How might we combine quantum processing technologies with game theoretical models to address free riding countries in international environmental agreements?
A quantum strategy for global public good distribution that incentivizes commitment and conservation.
Research, UX Design, Content Design
The Quantum Futures Hackathon is hosted by the CERN Institute in Geneve, Switzerland. I was part of a small group selected to participate in the inaugural 2019 iteration.
I worked with a cross-disciplinary team of quantum physicists, AI computer scientists, economists, and designers to design creative solutions to real-world problems through the application of quantum technology.
We used the United Nations’s Sustainable Development Goals as a framework and focused on the equal preservation of globally public goods (GPG). GPGs are goods that cannot be replaced with any other good and that no one can be theoretically excluded from, such as clean air. We wondered if we could imagine the international environment as a GPG. If a nation is able to enjoy the benefit of a GPG without paying into it we end up with a free-rider problem, which in economics is a type of market failure that occurs when those who benefit from resources, public goods, or communal services do not pay for them.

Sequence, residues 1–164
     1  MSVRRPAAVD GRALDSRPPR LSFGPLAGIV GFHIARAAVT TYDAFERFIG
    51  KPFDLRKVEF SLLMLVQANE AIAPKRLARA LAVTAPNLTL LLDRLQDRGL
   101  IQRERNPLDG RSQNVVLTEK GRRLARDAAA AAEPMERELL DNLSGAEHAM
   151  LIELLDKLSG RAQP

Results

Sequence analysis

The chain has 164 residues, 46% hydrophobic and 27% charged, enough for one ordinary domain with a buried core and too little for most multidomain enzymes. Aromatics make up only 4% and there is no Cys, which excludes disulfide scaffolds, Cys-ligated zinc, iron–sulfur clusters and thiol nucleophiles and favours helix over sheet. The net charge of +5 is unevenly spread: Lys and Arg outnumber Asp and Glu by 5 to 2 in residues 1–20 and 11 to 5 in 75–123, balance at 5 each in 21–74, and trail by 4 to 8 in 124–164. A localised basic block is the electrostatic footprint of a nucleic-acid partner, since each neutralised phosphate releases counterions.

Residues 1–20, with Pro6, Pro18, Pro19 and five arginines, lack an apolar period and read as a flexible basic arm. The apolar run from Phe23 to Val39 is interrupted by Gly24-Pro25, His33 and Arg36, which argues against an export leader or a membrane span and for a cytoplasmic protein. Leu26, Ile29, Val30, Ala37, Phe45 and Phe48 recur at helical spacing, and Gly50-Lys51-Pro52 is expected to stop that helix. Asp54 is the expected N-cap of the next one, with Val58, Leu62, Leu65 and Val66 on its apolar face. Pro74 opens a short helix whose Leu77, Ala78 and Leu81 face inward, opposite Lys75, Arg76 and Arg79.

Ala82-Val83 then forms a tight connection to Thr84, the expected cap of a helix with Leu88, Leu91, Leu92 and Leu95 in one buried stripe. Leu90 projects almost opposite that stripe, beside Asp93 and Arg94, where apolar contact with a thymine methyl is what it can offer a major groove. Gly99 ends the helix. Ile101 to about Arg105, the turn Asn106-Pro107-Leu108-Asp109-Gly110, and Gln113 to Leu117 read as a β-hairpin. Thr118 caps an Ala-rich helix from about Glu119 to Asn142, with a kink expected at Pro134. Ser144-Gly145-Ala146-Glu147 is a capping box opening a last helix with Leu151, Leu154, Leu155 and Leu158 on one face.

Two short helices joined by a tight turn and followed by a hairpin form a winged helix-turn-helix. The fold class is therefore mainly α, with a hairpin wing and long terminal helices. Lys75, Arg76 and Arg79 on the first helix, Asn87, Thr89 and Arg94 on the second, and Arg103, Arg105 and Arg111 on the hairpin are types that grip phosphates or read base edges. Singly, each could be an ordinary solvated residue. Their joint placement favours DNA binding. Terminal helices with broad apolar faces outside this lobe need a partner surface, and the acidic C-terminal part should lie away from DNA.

We developed a quantum strategy for global public good distribution and used different deep learning algorithms to test economic incentives that, in theory, should encourage nation states to contribute to GPG preservation at a level commensurate to their economic fitness (GDP).
We created a working model that recommended financial commitment levels for select countries based on real data.